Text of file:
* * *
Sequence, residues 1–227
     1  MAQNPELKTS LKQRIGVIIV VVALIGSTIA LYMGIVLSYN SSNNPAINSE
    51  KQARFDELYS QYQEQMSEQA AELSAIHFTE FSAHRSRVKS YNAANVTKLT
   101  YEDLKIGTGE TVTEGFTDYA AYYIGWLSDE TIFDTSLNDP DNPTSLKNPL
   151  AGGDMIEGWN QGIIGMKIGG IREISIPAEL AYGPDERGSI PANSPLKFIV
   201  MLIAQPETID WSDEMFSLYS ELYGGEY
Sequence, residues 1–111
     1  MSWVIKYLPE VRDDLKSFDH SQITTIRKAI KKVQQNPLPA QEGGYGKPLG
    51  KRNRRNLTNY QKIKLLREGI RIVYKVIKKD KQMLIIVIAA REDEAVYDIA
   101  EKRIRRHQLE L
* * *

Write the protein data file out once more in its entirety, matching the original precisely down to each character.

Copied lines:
Sequence, residues 1–227
     1  MAQNPELKTS LKQRIGVIIV VVALIGSTIA LYMGIVLSYN SSNNPAINSE
    51  KQARFDELYS QYQEQMSEQA AELSAIHFTE FSAHRSRVKS YNAANVTKLT
   101  YEDLKIGTGE TVTEGFTDYA AYYIGWLSDE TIFDTSLNDP DNPTSLKNPL
   151  AGGDMIEGWN QGIIGMKIGG IREISIPAEL AYGPDERGSI PANSPLKFIV
   201  MLIAQPETID WSDEMFSLYS ELYGGEY
Sequence, residues 1–111
     1  MSWVIKYLPE VRDDLKSFDH SQITTIRKAI KKVQQNPLPA QEGGYGKPLG
    51  KRNRRNLTNY QKIKLLREGI RIVYKVIKKD KQMLIIVIAA REDEAVYDIA
   101  EKRIRRHQLE L